Potato. Potatoes originated in South America, in Peru, from whence they have travelled around the world. Confronted with a potato it is difficult to tell whether it is a floury one or a waxy one. A way of testing this it take a bowl of brine (9½ cups water to 1 cup salt) and place a potato in it. If it sinks it is high in starch (floury) whereas if it floats, it will be waxy.
In the UK, most potatoes are lifted in October. Traditionally, children formed a major percentage of the workforce for this labour, so school half term holidays were designed with this in mind.
The potato was probably first domesticated in Peru or Chile over 4,000 years ago, but is a recent arrival to European shores, postdating the virtual destruction of the Inca empire by Pizarro.The Spanish started to bring potatoes back to Spain and ships which were taken by Drake and Raleigh are thought to have first brought the potato to England. It is now the fourth biggest crop in the world, after only rice, wheat and maize. Unexpectedly, more potatoes are grown in China than anywhere else.
Paul Vallely, in an interesting article on potatoes in The Indepent, reports the suspicion in which this new food was held. In France it was said that they caused leprosy; in Scotland, devout Presbyterians abhorred them as they were not mentioned in the Bible; Russian peasants called them 'the devil's apples' and in some American colonies they were thought to be the spoor of witches. However, there were two main reasons for the success of the potato when it migrated to Europe. One was that it was a much more efficient producer of carbohydrate than grain, which had been the traditional food. It was also more safe from invaders. Slash and burn did not work quite so well with potatoes as with wheat fields and the like. In some places this resulted in a too great dependence on potatoes, and Ireland suffered appallingly when blight attacked the potato crop and caused a terrible famine.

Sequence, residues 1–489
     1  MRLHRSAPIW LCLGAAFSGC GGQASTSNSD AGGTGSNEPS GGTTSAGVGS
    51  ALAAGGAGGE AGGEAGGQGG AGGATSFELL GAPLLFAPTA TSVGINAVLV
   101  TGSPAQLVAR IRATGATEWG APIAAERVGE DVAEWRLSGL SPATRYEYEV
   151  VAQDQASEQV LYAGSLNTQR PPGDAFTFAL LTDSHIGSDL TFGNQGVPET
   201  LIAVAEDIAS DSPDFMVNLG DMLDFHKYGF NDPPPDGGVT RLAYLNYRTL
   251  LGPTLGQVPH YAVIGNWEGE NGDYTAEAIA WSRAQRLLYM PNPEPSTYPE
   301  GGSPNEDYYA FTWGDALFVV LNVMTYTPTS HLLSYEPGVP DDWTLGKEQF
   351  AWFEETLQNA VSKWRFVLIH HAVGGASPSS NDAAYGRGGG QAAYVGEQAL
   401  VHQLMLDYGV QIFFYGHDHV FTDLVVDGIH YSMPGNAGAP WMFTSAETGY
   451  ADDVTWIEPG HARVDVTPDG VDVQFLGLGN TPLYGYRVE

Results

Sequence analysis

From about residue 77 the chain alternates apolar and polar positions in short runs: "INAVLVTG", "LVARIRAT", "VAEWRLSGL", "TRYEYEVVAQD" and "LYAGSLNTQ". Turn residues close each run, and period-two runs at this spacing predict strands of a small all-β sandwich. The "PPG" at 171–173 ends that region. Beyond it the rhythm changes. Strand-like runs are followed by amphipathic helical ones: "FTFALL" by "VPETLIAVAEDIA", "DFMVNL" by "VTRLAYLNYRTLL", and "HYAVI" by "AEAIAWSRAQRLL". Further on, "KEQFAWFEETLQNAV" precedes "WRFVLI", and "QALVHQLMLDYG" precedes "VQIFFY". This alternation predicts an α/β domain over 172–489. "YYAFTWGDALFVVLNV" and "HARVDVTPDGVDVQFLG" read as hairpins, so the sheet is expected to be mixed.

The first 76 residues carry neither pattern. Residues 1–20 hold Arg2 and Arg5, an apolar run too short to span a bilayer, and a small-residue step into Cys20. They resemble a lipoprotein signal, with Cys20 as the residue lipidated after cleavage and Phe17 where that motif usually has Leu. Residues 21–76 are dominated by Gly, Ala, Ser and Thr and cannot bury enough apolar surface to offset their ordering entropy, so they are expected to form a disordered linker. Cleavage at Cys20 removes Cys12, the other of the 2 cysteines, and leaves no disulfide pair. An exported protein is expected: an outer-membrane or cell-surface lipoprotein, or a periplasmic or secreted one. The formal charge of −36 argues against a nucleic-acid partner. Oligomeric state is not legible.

Potatoes need steady rain and sunshine during the growing period, and global warming is have a noticeable affect on crops in England. Blight remains a problem with humidity is high. Mature potatoes, best stored unwashed and still covered with the soil in which they grow, can be kept for as long as six months in a cool, dark, humid place. Exposure to light turns them green. An average sized potato is around 100 calories.